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Books about Māori legends created for local children

07 September 2022

Children at Canterbury schools and early childhood centres are being given a series of new books about local Māori legends that have been beautifully illustrated by young artists.


University of Canterbury Well-being Institute Director Professor Gail Gillon says the new books about local Māori legends are designed to develop children’s oral language and literacy skills.

The books are the result of a collaboration between the University of Canterbury Child Well-being Research Institute and Te Taumutu Rūnanga o Ngāi Tahu, and they are being launched at an event tomorrow.

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Using funding provided by the Ministry of Education, 600 copies of the books will be given to 50 schools, nearly 100 early childhood centres and six libraries in the Taumutu takiwā (area), which centres around Taumutu and Waihora (Lake Ellesmere) and extends as far South as the Ashburton river and Hakatere in mid-Canterbury.

The books depict three different pūrākau (myths) that are significant to Taumutu, including; “Ruru and the Giant Pouākai”, “The Creation of Tuna”, and “Taniwha and the Rakaia Gorge”.

Larger size versions for teachers to read are being distributed this month, along with smaller versions, called readers. The readers have simpler text for children to read themselves after they have heard the longer versions.

UC Child Well-being Institute Director Professor Gail Gillon (Ngāi Tahu) says the books are designed to develop oral language and literacy skills while also helping children learn about Māori legends and places that are an important part of their local cultural history.

“We are delighted to have been able to work alongside Te Taumutu Rūnanga to bring these stories to life for young readers.

“The books were developed as part of a research project within the Better Start National Science Challenge in response to the rūnanga’s call for culturally appropriate and place-based stories relevant to local communities. Local rangatahi have created the illustrations and the result is a beautiful series of books,” Professor Gillon says.

UC Amokapua Pākākano Tuarua | Deputy Assistant Vice Chancellor Māori Liz Brown (Ngāi Tahu), who is also Chair of Te Taumutu Rūnanga, says receiving the books will be “hugely beneficial for the well-being and mana” of young people in the Taumutu Rūnanga.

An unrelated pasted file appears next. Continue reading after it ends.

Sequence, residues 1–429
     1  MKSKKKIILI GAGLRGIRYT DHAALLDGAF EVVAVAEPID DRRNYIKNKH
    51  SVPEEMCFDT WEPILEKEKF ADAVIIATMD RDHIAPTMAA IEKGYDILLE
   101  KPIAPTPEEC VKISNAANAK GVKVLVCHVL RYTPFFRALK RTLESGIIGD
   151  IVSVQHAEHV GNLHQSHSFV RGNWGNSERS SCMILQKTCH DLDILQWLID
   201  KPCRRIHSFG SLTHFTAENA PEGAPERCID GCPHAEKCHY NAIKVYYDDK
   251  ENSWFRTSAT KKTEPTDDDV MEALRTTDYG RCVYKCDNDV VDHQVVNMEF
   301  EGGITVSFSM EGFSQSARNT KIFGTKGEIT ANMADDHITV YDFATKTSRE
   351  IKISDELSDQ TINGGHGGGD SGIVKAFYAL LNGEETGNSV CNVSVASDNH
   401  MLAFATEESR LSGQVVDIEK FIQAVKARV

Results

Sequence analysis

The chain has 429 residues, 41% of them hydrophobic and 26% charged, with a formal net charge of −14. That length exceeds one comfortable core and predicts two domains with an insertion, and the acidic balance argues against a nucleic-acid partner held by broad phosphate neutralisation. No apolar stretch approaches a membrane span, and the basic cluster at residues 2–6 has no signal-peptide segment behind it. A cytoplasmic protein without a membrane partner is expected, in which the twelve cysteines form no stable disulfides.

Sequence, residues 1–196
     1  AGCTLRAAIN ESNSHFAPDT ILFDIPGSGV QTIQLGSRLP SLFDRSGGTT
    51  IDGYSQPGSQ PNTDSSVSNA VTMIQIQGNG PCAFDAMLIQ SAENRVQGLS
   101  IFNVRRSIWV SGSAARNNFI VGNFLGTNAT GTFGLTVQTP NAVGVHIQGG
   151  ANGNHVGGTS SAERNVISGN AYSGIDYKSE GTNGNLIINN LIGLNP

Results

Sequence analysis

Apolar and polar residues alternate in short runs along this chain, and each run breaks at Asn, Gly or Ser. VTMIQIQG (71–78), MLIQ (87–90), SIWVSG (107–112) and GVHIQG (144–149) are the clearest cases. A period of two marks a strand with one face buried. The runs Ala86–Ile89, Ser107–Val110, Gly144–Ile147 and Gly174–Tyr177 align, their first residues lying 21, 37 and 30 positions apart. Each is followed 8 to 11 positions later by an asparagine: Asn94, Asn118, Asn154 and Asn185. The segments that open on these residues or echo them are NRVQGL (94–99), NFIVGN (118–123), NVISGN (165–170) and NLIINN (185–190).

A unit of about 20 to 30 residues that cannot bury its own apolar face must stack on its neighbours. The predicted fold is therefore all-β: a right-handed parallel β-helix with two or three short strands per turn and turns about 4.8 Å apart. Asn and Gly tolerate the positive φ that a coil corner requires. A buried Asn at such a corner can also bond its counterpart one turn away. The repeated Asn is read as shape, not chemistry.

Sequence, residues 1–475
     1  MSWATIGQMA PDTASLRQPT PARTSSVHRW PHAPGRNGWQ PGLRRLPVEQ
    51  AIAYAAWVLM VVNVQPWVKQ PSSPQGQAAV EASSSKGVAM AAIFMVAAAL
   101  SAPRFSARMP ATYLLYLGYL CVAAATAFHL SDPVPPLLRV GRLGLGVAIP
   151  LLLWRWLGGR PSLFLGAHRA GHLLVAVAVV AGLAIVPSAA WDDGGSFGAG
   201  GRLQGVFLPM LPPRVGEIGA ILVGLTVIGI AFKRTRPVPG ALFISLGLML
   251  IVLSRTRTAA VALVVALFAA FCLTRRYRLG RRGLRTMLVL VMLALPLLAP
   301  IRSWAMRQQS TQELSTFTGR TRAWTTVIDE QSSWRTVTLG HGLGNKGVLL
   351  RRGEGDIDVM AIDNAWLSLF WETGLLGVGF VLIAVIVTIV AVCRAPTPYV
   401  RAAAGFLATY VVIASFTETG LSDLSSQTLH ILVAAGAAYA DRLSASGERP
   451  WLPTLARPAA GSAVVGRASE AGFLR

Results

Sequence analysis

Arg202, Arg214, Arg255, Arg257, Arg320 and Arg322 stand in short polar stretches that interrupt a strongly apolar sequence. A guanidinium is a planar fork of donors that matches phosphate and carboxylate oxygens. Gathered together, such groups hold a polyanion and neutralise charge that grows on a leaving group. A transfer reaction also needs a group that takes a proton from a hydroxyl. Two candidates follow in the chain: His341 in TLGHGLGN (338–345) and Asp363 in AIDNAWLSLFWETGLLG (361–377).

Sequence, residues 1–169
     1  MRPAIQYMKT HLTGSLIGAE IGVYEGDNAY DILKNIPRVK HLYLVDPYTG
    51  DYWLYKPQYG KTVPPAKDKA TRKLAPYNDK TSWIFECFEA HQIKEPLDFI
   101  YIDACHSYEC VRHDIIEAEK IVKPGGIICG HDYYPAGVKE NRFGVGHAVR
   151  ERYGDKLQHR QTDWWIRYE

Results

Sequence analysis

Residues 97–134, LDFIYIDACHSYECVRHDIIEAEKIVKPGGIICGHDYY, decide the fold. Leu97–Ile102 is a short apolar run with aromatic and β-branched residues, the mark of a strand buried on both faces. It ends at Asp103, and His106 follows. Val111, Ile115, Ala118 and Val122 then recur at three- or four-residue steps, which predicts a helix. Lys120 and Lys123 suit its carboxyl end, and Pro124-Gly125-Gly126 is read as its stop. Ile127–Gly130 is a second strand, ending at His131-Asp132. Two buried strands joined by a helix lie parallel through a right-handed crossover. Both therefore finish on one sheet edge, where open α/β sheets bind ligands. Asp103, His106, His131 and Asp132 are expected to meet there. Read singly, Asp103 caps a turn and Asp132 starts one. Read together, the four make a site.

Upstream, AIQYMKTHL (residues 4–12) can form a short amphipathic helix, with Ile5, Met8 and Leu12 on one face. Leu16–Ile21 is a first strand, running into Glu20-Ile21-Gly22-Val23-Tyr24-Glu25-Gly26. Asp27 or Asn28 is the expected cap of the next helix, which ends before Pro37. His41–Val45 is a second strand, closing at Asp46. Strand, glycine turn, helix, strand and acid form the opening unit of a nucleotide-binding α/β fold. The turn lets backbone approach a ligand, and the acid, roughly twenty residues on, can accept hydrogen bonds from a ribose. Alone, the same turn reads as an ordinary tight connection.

“It shows their culture and background is valued. Kaiako (teachers) will be able to use the books with tamariki in their care and share these amazing stories.”

The books were produced as part of a pilot study for an early childhood literacy approach, in partnership with Kidsfirst Kindergartens, called “Words Can POP”. Led by Professor Gail Gillon and Professor Brigid McNeill from the University of Canterbury, The Words Can POP framework builds three to four-year-old children’s skills in oral language, early phoneme and print awareness, vocabulary and story-telling skills.

The pilot research was successfully implemented in partnership with Kidsfirst in 24 of their kindergartens in the Canterbury region.

Along with the pūrākau, early learning centres in the Taumutu rohe will also be given copies of books from the Words can POP series. This reading series is specifically designed to support early childhood teachers to develop children’s oral language and emerging literacy skills.

  • The University of Canterbury Child Well-being Research Institute is holding an event to launch the books at Lincoln High School tomorrow, Thursday 8 September from 4pm-5.30pm. Representatives from schools and early childhood centres in the Taumutu rohe will be invited to the launch to hear about how these books were created and will be given their copies. A short video about the creation of the books will also be shown.
  • Media are welcome to attend this event and media packs will be available which include a set of the books.
More information
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